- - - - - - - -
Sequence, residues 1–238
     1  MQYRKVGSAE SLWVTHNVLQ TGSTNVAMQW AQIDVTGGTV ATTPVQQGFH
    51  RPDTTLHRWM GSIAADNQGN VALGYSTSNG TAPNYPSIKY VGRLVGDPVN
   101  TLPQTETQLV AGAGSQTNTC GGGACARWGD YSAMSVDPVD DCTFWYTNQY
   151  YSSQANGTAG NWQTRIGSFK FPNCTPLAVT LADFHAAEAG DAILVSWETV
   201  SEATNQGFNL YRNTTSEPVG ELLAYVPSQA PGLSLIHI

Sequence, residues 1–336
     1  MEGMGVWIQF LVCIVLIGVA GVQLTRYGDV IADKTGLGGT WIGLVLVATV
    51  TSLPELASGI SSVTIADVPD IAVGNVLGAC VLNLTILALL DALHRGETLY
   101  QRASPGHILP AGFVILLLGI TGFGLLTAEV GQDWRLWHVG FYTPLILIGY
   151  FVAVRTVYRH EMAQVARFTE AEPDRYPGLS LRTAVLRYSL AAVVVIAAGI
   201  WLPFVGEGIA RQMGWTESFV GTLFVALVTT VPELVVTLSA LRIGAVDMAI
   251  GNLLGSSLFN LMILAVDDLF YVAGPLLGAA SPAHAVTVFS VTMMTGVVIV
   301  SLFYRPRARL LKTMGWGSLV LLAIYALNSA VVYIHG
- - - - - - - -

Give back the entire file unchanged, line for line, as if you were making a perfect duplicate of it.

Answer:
Sequence, residues 1–238
     1  MQYRKVGSAE SLWVTHNVLQ TGSTNVAMQW AQIDVTGGTV ATTPVQQGFH
    51  RPDTTLHRWM GSIAADNQGN VALGYSTSNG TAPNYPSIKY VGRLVGDPVN
   101  TLPQTETQLV AGAGSQTNTC GGGACARWGD YSAMSVDPVD DCTFWYTNQY
   151  YSSQANGTAG NWQTRIGSFK FPNCTPLAVT LADFHAAEAG DAILVSWETV
   201  SEATNQGFNL YRNTTSEPVG ELLAYVPSQA PGLSLIHI

Sequence, residues 1–336
     1  MEGMGVWIQF LVCIVLIGVA GVQLTRYGDV IADKTGLGGT WIGLVLVATV
    51  TSLPELASGI SSVTIADVPD IAVGNVLGAC VLNLTILALL DALHRGETLY
   101  QRASPGHILP AGFVILLLGI TGFGLLTAEV GQDWRLWHVG FYTPLILIGY
   151  FVAVRTVYRH EMAQVARFTE AEPDRYPGLS LRTAVLRYSL AAVVVIAAGI
   201  WLPFVGEGIA RQMGWTESFV GTLFVALVTT VPELVVTLSA LRIGAVDMAI
   251  GNLLGSSLFN LMILAVDDLF YVAGPLLGAA SPAHAVTVFS VTMMTGVVIV
   301  SLFYRPRARL LKTMGWGSLV LLAIYALNSA VVYIHG